The Night Baker – Caroline Goetze
She has been told the galley is haunted. But if there are ghosts, their presence feels as light and soft to the Night Baker as the dough she kneads for the next morning’s doughnuts. Each turn and fold is a reminder of her babies’ sweet thighs. She inhales deeply and remembers the musty scent of their skin beneath the soap smell of their baths. How delectable it was when they were new and how it made her want to carpet them in kisses. “I’m going to gobble you up” she told each of them before she wrapped her lips over her teeth and bit down a little, almost hard, to feel their baby fat give between her jaws. How they had chortled.
After her husband’s funeral she stayed in bed hugging her babies. She lay facedown on his pillow. She kept still until her grandmother came and moved the three of them into her small apartment.
Her grandmother held up an empty carton of milk and an empty bag of flour. “Which should I buy?”
She looked up from the couch that was now her bed. “I can’t think.”
“You think only of him,” her grandmother said. “He’s gone.”
She knew her grandmother did not mean it. Both of them could see he was still present in the way the babies’ toes were shaped and the way the corners of their mouths turned down in the instant before they cried. The fact of his absence was a companion to all of them.
She knew she must find a way to give her babies both food and room to grow, so she left them with her grandmother and took her husband’s absence away to sea with her.
It was not long after her arrival onboard the freighter that several pans of rolls needed to be remade. They slid off the worktable and onto the deck, rolling with the ship in heavy seas. That same night the men took her to the engine room.
She was dull and inattentive with fatigue, in a vacant passageway near her berthing when the two men caught her. The crew was waking, and she was on her way to bed, her baking finally finished. The hand that clamped her mouth shut smelled of machine oil and grime. Blunt fingers vised her arms. The men dragged her toward the open escape scuttle. The toes of her boots scudded across the deck. They carried her down the ladder.
The first man finished with her and was pissing in the bilge. The taste of him mingled with her vomit and the second man’s sweat. When she realized their mistake she bit down hard until she also tasted blood.“You need new boots,” her bunkmate said. She stood beside their stacked bunks preparing to go on watch, staring down at the deck and the abraded black leather.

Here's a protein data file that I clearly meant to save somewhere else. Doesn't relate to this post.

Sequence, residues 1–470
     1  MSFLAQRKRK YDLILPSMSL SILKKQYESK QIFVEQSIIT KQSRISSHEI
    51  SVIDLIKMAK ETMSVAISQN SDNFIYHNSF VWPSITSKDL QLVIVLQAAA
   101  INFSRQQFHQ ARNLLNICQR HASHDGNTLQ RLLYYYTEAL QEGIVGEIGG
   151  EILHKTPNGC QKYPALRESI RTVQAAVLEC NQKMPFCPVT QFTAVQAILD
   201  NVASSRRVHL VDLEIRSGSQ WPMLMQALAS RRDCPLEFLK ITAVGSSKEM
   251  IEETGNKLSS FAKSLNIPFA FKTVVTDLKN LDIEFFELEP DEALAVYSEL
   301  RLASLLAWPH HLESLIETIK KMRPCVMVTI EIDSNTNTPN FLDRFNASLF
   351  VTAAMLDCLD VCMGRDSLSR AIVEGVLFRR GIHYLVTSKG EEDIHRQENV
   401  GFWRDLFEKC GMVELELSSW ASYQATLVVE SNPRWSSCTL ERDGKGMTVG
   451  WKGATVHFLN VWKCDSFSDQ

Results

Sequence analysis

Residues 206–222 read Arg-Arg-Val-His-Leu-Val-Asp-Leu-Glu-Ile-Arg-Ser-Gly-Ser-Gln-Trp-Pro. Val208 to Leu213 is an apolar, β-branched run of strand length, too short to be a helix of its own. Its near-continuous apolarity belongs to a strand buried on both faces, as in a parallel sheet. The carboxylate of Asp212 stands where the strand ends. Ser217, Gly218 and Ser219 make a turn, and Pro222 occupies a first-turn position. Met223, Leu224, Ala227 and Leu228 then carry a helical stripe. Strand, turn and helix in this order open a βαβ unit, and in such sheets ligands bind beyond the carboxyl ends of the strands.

The Night Baker pushed aside the curtains that enclosed her bunk and provided her only privacy. She raised her head.
Her bunkmate turned away. The ship’s store carried boots, but there was no place to get a new face.
The Night Baker pats out the dough and cuts it into life preserver shaped doughnuts, logs for Long Johns, and plain circles for the filled Bismarks the crew loves best. They cram their mouths full. Cream or custard or jam drips down their chins. Stays stuck in beards.
Dinner rolls and sandwich white bread are too bland to entice her. She leaves that dough to the dull grey industrial mixer bolted to the dark grey deck. The pallid slapslapslap discomforts her. She turns on the machine’s timer and moves to the scullery to wash up.
After the dough’s initial rise, she shapes rolls and loaves to sit alongside the doughnuts. She is indifferent to the clatter from next door where others have started the day’s kettles of soups.
Her hands love the whole-wheat flour. Its coarseness is like the feel of the beach between her toes on days when her father held her hands to swing her high above his head. Its coarseness is like the bristles of her husband’s two-day beard.